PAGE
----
Mo and her husband have been fostering for ten years. Her parents fostered and she always knew it was something she wanted to do one day. Mo explains what makes Christmas magical for her fostering family
Our young person
Mo currently fosters a thirteen-year-old girl who has been with her for two years. She can’t imagine life without her now.
Mo says, “She’s an angel. She will get things wrong and has gone through a lot. But we can’t image her not being here. It wouldn’t feel right if we weren’t fostering her. She’s staying with us for the long term. We treat her as part of the family."
What Christmas looks like
“We change the Christmas for the child. For example, the idea of having lots of people around with hundreds of presents can be way too overwhelming for some children, so sometimes we’ve kept Christmas simple”.
Mo and her husband have a big family with lots of children and grandchildren around. The young person who lives with them now loves a busy Christmas and can’t wait for all the family to visit.
Before she came to us, she’d never had a Christmas stocking
“What our young person is most looking forward to is the meal and the games. The main reason is knowing everyone is here, happy around the table, playing games, watching the Christmas film and playing Secret Santa. We're games people and create a lot of fun, it’s so lovely how excited she gets.
"Before she came to us, she’d never had a Christmas stocking. I’ll never forget the first time we gave her one. Her face lit up and she couldn’t believe there was so many presents.
"They were just tiny things, but she said thank you for every single one. I kept saying you don’t need to say thank you for every one. She was just so grateful."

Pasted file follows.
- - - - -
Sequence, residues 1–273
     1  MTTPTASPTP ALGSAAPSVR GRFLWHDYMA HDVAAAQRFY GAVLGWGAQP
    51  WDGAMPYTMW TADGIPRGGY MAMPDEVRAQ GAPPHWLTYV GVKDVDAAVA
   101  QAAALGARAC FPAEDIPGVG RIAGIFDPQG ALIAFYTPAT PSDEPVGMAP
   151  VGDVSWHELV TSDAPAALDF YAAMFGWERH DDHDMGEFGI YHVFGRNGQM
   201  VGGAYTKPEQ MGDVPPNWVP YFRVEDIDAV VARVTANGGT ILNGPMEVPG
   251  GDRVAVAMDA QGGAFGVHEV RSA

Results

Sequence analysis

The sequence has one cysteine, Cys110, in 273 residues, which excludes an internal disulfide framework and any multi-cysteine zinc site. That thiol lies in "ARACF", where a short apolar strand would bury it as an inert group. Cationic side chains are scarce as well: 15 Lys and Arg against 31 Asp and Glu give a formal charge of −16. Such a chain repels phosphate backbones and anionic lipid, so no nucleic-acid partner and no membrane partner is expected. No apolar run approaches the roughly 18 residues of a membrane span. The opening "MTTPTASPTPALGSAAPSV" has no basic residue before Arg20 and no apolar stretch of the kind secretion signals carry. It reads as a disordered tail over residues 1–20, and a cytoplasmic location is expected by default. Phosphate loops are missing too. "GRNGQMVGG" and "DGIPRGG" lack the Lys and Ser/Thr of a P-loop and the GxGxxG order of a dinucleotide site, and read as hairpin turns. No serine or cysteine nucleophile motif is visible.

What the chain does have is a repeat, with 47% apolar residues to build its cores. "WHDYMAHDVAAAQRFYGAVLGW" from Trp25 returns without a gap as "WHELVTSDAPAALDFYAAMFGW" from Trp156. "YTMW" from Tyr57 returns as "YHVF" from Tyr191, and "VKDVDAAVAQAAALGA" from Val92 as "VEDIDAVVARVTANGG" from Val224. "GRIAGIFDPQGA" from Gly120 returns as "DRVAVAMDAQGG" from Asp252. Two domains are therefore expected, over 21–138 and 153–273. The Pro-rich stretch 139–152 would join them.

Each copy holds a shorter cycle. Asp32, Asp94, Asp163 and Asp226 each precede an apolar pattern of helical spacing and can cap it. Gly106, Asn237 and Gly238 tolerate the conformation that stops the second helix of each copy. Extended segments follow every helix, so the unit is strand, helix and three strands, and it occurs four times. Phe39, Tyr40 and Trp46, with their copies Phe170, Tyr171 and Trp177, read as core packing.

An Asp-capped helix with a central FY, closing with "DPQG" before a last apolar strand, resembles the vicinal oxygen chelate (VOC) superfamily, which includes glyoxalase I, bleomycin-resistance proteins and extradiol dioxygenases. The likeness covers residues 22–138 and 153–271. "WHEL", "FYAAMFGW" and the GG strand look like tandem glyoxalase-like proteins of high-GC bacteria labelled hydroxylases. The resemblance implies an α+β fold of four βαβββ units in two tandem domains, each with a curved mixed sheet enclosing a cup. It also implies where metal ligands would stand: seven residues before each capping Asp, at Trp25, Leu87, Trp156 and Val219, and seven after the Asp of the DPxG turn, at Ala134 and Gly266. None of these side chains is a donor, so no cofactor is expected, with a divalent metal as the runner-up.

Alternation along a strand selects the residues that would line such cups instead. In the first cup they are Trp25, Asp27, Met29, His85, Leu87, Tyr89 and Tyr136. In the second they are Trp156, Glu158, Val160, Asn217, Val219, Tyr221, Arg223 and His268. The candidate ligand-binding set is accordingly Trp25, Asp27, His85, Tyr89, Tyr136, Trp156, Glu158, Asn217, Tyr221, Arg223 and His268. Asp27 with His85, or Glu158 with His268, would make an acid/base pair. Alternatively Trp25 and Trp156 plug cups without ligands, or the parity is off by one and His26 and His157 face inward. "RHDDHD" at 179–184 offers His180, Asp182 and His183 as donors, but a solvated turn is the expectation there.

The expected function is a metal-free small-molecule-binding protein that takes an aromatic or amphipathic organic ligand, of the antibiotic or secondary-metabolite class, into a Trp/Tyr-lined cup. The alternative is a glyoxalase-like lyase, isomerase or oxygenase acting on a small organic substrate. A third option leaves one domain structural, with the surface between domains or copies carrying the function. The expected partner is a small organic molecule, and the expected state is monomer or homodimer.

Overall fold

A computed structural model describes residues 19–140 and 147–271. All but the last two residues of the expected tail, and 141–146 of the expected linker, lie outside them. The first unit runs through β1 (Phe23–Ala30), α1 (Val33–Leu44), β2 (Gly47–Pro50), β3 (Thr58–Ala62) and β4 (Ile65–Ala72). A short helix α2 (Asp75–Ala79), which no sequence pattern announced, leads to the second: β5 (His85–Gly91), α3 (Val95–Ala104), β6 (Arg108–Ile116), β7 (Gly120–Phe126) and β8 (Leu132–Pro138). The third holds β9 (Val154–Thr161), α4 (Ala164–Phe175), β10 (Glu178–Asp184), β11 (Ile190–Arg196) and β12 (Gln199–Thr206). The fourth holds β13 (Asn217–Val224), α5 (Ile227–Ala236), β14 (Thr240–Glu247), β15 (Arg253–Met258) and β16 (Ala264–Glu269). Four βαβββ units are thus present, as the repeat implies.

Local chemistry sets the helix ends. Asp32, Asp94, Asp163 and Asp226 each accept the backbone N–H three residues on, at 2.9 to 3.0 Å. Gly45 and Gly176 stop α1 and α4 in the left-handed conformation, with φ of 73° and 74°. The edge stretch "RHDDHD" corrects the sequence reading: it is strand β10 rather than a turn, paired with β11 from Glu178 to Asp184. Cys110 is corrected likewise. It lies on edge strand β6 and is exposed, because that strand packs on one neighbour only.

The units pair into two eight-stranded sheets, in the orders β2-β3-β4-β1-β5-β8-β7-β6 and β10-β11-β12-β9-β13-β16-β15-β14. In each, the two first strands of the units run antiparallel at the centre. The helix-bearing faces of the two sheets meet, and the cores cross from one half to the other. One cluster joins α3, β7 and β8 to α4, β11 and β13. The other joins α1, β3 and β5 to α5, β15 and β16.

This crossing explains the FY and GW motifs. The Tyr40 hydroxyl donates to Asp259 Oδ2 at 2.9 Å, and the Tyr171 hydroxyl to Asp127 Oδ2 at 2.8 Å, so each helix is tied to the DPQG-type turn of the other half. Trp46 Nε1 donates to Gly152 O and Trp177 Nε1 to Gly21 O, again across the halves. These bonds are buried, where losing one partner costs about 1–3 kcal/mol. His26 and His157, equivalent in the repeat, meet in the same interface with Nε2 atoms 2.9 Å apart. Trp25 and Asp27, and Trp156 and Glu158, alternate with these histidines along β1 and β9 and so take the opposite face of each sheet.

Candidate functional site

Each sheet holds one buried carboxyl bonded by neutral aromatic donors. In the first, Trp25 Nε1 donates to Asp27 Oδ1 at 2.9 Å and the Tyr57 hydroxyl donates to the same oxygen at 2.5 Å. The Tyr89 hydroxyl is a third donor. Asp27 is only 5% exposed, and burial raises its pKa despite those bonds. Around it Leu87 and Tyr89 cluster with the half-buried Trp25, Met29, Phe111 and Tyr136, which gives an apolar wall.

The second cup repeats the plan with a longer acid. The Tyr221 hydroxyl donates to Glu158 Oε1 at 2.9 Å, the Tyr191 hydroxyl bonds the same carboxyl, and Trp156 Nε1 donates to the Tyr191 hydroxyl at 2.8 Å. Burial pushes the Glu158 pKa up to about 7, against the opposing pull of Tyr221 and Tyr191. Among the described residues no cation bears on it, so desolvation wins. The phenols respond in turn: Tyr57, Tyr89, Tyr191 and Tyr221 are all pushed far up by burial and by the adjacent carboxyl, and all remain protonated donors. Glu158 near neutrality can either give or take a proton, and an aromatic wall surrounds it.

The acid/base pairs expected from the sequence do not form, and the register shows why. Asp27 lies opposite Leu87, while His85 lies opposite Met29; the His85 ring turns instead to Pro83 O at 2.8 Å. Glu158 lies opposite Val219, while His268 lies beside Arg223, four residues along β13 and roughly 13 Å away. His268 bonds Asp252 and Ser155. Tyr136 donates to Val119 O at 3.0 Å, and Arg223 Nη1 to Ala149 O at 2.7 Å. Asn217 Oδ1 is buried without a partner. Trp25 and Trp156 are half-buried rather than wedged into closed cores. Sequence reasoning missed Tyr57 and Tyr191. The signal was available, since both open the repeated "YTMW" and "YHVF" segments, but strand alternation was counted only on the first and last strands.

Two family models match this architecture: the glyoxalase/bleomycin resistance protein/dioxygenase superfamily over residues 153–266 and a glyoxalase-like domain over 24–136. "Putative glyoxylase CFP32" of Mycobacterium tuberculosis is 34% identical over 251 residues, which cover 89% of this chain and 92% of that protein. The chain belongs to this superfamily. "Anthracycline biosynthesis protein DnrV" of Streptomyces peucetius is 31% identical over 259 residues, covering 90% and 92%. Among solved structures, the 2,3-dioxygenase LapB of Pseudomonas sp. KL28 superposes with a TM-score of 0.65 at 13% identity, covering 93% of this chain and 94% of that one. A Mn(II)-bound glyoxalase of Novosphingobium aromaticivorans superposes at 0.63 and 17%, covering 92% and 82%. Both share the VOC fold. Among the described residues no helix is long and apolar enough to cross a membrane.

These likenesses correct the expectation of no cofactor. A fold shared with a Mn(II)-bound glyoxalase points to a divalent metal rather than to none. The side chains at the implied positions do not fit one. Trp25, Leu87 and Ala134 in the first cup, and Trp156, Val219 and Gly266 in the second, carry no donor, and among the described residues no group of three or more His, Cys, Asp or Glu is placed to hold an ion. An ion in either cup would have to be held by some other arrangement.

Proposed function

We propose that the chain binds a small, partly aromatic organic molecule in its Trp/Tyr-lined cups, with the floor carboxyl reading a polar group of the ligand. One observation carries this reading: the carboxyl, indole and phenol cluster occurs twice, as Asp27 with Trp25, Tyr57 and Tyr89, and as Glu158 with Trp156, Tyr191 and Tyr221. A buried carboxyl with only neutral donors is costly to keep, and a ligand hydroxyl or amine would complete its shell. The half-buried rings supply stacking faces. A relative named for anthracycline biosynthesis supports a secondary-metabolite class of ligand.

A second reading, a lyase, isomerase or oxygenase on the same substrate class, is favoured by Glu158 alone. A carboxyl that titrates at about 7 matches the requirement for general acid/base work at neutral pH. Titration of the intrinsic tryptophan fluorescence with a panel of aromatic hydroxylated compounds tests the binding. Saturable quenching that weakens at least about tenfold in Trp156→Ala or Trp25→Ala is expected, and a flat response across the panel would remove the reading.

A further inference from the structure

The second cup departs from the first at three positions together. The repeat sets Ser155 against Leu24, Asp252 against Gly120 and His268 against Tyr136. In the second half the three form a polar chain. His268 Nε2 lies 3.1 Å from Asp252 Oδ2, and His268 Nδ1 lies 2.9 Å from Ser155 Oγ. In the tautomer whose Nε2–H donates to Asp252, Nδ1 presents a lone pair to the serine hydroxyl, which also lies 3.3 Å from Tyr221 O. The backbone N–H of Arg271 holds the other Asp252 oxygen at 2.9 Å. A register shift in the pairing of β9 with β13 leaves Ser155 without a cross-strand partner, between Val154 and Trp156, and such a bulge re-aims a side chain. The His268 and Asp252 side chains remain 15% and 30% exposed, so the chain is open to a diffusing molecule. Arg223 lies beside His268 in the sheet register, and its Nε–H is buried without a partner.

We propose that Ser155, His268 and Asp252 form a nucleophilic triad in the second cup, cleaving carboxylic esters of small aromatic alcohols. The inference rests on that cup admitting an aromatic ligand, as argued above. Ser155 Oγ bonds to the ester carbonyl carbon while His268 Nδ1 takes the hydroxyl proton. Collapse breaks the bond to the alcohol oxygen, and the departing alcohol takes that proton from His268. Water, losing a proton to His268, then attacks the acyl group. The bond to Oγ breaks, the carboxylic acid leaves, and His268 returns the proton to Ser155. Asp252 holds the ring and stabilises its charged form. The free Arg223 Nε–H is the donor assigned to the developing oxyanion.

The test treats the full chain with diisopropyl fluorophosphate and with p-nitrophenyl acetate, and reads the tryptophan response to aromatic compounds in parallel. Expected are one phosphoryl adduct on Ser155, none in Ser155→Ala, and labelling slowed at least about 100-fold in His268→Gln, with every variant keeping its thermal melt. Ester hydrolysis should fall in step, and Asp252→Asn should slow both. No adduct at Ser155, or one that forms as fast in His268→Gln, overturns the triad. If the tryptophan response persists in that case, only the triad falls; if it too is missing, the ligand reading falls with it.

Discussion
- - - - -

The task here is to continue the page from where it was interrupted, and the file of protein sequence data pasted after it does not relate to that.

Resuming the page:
Mo helps nurture the relationship with her young person's birth family. She also creates Christmas traditions to help build a sense of identity and positive memories for her young person.
“Our young person still has contact with her family, so we make a point of her always having her own Christmas tree in her room with her presents and cards from her birth family. I take photos of her opening them and send it to them.
"Every year when the main Christmas tree goes up, the children choose a Christmas decoration for the tree. Then we take a photograph of the tree and what year it is.
"The plan is when they’re 18 they take all the decorations they’ve had every year and can put it on their own tree when they move out. It creates memories for them and something they can always keep for themselves.
Part of the family
"Another tradition we’ve started is Christmas breakfast together. The children and grandchildren come over and we have crackers, gifts, cappuccinos, lattes, eggs and bacon. I make my own crackers and buy individual presents to put in them for everyone. My young person loves it!
"We want to show her that Christmas can be fun. She may not be able to be with her family, but she can be part of ours”.
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